Overcoming treatment resistance in ER+ breast cancer
Three quarters of breast cancers are estrogen receptor positive (ER+), and althoughÂ current treatments (such as tamoxifen) are extremely effective, more patients die from this type of breast cancer than any other form of the disease. Indeed, for some women with ER+ breast cancer, their tumours develop resistance to therapy and their cancer returns.
NBCF Post-doctoral Fellow Dr Iza Denis believes this is due to an imbalance between two other female hormones that are naturally found in breast cells, called androgen and progesterone, which when combined with estrogen participate in the normal development of the breast.
Identifying the interactions between estrogen, androgen and progesterone could be critical to understanding treatment resistance and how to overcome it, but there is currently little information on the role that they might play.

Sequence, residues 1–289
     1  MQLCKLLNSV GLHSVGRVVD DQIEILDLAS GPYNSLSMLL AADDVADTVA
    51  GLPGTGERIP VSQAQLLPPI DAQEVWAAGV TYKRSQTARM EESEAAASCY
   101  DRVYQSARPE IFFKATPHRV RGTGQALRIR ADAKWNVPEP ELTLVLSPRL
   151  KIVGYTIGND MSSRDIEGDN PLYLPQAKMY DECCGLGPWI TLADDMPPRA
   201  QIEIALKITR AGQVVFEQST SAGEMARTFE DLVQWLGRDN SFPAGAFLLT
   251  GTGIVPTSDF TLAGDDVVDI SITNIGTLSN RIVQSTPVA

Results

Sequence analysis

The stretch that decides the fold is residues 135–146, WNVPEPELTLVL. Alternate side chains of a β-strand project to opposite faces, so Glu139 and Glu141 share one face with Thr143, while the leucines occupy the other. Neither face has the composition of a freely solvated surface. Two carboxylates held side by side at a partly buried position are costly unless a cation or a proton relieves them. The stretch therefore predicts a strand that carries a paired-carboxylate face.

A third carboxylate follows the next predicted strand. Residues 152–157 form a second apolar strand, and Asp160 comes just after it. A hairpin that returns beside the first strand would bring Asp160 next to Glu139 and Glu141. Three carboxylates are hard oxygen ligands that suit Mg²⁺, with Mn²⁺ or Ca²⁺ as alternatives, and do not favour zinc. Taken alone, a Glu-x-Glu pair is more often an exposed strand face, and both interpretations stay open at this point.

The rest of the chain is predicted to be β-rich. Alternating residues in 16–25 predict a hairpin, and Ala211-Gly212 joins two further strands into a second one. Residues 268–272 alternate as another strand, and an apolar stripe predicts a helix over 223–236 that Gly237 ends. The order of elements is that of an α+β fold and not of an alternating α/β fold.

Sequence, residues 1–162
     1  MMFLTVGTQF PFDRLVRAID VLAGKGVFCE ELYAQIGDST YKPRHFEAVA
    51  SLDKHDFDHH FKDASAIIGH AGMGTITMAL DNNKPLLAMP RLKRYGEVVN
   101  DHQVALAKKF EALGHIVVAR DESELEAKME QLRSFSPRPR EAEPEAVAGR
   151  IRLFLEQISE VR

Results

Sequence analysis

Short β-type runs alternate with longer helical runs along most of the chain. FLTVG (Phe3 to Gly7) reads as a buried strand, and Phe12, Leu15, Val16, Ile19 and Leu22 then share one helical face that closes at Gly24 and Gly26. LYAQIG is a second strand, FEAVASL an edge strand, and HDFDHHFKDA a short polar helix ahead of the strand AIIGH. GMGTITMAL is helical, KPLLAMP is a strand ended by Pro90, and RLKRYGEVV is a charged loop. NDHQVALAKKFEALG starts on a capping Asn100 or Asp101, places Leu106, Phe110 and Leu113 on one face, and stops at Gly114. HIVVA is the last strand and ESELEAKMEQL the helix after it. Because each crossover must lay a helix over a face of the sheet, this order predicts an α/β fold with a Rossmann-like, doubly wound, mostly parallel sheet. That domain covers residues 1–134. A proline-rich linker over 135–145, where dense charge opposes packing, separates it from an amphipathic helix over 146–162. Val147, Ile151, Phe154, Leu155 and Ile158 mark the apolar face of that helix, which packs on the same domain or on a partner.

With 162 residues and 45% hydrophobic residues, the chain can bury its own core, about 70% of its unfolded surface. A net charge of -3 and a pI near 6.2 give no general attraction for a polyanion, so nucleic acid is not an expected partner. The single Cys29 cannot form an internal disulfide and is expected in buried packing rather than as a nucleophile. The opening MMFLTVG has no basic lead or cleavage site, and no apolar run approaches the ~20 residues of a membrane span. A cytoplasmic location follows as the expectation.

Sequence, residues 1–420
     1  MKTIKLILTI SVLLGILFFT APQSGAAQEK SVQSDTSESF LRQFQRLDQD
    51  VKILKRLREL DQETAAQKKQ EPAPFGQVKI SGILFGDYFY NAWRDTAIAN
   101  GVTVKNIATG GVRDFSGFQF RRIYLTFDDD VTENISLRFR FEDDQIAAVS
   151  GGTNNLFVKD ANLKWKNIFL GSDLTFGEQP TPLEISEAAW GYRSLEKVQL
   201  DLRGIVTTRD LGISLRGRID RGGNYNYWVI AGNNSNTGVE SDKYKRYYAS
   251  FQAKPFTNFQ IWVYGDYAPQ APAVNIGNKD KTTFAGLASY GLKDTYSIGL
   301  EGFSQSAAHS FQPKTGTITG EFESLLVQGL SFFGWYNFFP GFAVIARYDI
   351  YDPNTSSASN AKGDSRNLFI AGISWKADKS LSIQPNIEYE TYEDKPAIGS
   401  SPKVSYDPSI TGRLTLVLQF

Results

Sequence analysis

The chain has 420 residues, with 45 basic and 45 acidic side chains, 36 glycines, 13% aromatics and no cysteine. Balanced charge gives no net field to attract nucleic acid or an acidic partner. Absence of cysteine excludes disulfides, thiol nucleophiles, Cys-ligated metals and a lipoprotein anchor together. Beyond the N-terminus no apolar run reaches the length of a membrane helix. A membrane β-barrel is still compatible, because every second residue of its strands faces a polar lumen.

This project will use advanced genomic profiling techniques to generate information on female hormone interactions in normal and malignant human breast tissues.
This could ultimately lead to the identification of biomarkers that are able to determine the women who will most benefit from treatment, and those that are most at risk of their breast cancer returning.
Knowing how each woman may respond to treatment enables health professionals to tailor a treatment plan that specifically matches the makeup of her particular tumour to the best available therapy with the least side effects – a growing field of medicine called personalized medicine.